If you are like me, you are already dreaming of big game and the chance at a killer shot. I mostly hunt archery for deer and elk, but I had the incredible opportunity to train and learn from a Precision Rifle Series Match Director on long-range shooting skills. I am here to share the tips and tricks I learned from Mr. Austin Overman.
While living in Georgia, the longest shot I ever had to make on an animal was around 50 yards. Because we had tree stands or blinds set up, shooting lanes were prepped in the woods to make sure that we had a great opportunity for a vital shot. Now that I live in Utah, I had to completely rewire myself to pack an entire day of food and clothes along with carrying my rifle for miles of a mountain climb.
Hunting in the West is a dream for many, but it comes with an entirely complex set of parameters for getting it done. You need to be able to cover the terrain and find the animals. You need to be able to KNOW your backstop long before you set up. Lastly, you need to be very capable of making a solid shot on your animal.
Long-Range Shooting Fundamentals
Here is a simple list of long-range shooting fundamentals that I learned and work great for me. On my very first day out shooting with Austin Overman, I was able to hit targets ranging from 100 yards to 1,340 yards! It was a moment that I will never forget. It took days for my smile to stop being permanent. My cheeks were sore for days!
Position your body completely behind the rifle and the optics.
Many shooters stand to the side of their rifle stock and cram it into their armpit. They then have to lean over the stock and crane their head to look into their scope. This frequently leads to not seeing correctly down the optic. If you consider the scope as a paper towel tube, you want to see perfectly straight down the tube. If you are leaning a little with your face offset, then it does alter your visual and make a shot that won’t be placed where you want it. Try to see a perfect circle through your scope. If you have edges from your scope frame, then you are not centered usually.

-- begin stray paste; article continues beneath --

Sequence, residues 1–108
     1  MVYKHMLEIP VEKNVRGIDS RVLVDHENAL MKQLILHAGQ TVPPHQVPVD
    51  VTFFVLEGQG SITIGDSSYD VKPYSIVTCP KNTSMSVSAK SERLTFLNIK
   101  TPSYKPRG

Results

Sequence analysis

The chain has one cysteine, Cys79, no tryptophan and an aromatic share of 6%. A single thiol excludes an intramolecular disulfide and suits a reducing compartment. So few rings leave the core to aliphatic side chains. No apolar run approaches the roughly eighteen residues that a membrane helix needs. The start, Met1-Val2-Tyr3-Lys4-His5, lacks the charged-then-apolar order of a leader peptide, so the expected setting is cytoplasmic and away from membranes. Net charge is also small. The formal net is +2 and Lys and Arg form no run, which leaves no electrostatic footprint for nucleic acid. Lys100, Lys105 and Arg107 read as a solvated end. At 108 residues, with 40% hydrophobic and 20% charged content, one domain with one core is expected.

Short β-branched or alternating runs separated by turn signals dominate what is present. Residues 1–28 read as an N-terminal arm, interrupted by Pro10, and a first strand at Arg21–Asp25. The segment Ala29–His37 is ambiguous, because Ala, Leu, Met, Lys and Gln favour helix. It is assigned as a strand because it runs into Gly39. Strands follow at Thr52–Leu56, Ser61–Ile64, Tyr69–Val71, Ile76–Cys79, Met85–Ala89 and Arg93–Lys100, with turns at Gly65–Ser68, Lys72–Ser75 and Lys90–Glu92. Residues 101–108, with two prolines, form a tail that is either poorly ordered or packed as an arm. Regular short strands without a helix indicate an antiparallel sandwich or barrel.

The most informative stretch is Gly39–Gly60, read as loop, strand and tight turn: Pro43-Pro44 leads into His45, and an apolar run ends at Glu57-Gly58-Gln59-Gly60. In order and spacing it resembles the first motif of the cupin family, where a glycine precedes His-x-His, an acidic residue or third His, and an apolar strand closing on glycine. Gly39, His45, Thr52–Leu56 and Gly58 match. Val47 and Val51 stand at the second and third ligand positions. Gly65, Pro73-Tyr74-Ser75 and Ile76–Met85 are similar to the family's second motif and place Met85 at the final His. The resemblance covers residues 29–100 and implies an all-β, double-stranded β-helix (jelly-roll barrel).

Don’t grip with your thumb wrapped around the stock when long-range shooting.
I learned that I was death gripping my stock and it created differences in my shots. I began holding my thumb on the side of the stock near my fingers to not grasp or twist the entire frame of the rifle itself. This is supremely similar to a proper grip on a bow. Any bow hand tension or torque will make an arrow not hit where you aim.
If you are prone, which is best for stability, then use your non-dominant hand to help support a sandbag or rifle rest.
This keeps you from holding the stock of the rifle itself and creating more movement as you breathe. Make sure to lean into the butt of the rifle for stability instead of trying to pull it to your body. This makes every shot much more consistent and able to replicate. If you prefer to hold your non-dominant hand forward on the rifle, then gently drape your hand over the top of the scope for stability. Just be cautious not to apply any pull or force that may alter the shot.
Keep your breathing slow and steady.
Try your best not to hold your breath. Take the shot on the pause in your breath as you shift from the exhale to the next inhale. This will keep you from having the butt of the rifle moving because your chest expands during an inhale, and it will lift the back end of the rifle. Shooting on the pause with a slow and steady pull of the trigger gives you the most reproducible and predictable result.